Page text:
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My most “authentic” Thai meal was at Khun Saak, near Attamit International School where A. used to work. Her old boss and closest teacher friends took us out to lunch after a visit to the school. How do I know this was authentic? Aside from the lady situated at a station outside the restaurant pounding away at fresh ingredients using a giant mortar and pestle and lifting whole roasted chickens out of earthenware ovens? Well, the restaurant itself was devoid of anything written in English, from the signboard outside to the text in the menus. The clientele was made up of mostly Thai office workers on their lunch breaks, and the only exceptions were well, us.

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Luckily, our Thai kru (teacher) host was there to do the ordering for us. The aforementioned roast chicken came first. This was strongly Chinese-influenced but the dipping sauces were distinctly Thai with a nice balance of salty, sweet, sour and spicy.

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Another local favorite is the som tam. This was a common picnic food in Chatuchak, with weekenders lazing around the adjacent park with their mats, snacking on this green papaya salad with green beans, carrots, chili and peanuts in a spicy vinegar sauce. I wonder why this isn’t more of a hit in the Philippines when we have all the necessary ingredients locally available. I assume it’s because Filipinos aren’t as used to heat, especially in their salads, at that. In fact, whenever I order som tam in a Thai restaurant in the Philippines, I am constrained to ask for extra chopped chilis, even if I already ask the staff to serve it extra spicy.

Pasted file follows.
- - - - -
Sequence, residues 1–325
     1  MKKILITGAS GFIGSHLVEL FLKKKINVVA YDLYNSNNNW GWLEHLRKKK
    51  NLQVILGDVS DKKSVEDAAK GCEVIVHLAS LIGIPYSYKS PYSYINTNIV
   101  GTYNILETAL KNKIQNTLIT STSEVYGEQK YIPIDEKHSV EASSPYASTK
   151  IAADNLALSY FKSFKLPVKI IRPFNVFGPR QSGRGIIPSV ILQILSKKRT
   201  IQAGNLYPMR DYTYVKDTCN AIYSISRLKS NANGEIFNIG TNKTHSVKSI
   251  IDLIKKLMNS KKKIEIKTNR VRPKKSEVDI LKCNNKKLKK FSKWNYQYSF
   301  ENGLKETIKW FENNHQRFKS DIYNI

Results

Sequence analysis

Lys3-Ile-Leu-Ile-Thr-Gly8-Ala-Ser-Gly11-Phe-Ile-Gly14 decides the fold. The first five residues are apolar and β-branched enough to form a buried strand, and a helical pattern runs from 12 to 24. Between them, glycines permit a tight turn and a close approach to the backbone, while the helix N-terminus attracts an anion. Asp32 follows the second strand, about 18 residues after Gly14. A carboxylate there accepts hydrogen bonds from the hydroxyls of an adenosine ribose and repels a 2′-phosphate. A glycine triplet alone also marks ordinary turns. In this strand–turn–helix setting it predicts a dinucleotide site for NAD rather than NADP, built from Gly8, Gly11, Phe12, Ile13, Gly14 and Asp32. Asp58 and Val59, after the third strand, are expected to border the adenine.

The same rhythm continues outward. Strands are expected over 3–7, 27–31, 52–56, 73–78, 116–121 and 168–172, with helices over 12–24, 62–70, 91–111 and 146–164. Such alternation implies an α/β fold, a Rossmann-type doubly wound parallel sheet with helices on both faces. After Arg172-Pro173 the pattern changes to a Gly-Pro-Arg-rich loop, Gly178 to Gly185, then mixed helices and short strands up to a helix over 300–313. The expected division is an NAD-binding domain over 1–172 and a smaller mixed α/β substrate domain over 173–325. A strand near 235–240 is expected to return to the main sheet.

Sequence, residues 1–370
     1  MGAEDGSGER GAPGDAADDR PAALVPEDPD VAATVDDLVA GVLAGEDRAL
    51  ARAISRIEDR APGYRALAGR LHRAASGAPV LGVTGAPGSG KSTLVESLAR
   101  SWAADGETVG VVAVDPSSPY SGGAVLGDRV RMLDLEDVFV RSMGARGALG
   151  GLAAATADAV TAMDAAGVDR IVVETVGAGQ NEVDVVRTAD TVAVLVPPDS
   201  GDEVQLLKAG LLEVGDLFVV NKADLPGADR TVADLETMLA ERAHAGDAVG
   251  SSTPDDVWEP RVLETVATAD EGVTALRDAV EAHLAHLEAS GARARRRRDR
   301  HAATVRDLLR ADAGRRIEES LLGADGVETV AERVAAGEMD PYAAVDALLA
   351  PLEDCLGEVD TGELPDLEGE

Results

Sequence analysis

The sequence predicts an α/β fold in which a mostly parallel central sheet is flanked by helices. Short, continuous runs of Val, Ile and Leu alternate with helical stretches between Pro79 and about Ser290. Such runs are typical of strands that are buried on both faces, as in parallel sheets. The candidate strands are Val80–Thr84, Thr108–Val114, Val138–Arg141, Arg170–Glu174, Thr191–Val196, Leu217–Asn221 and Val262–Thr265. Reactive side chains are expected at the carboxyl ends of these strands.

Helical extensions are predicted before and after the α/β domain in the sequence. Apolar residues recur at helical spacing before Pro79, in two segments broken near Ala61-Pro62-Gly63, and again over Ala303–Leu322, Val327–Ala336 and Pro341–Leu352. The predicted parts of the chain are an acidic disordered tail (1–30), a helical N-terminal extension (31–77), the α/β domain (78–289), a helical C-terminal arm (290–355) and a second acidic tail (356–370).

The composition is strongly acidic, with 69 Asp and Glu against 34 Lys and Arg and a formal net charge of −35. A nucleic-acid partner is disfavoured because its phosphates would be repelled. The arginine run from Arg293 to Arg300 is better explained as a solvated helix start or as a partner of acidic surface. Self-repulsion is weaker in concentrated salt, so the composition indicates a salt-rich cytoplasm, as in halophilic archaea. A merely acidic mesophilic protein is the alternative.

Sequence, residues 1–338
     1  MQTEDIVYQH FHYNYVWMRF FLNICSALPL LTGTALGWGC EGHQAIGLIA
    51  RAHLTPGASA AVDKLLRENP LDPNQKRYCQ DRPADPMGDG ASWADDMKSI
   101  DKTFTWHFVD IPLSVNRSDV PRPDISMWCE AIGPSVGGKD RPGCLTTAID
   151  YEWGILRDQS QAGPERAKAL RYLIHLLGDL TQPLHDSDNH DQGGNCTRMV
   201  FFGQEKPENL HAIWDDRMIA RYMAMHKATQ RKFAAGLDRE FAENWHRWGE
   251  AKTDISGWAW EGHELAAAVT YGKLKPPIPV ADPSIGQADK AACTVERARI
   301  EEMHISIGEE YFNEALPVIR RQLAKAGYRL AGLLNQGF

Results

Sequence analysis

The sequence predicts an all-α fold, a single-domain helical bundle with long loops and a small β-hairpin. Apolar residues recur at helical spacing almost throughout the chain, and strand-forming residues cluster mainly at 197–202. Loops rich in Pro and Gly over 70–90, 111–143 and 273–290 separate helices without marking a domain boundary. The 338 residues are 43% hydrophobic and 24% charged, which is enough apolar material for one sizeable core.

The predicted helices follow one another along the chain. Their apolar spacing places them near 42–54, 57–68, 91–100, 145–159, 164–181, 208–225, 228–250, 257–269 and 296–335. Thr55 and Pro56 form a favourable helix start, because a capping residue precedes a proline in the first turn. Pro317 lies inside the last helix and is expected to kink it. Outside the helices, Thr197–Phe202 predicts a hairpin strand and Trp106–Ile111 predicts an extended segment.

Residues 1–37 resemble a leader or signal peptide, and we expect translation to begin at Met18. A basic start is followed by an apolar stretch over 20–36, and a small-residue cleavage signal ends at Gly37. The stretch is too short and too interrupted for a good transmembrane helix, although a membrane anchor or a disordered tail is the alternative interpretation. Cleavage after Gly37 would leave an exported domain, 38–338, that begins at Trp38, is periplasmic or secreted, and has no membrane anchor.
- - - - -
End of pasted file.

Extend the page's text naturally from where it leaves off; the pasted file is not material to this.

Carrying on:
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The highlight of my meal was this fried local sea bass. The flesh was cut out and chopped into cubes and deep fried, then returned to the fried carcass of the fish for plating. Aside from being expertly fried – crunchy and not greasy at all, it was again the dipping sauce that made the dish, a combination of, again, sweet, sour, salty and spicy, but with an added slight bitterness from the chopped coriander.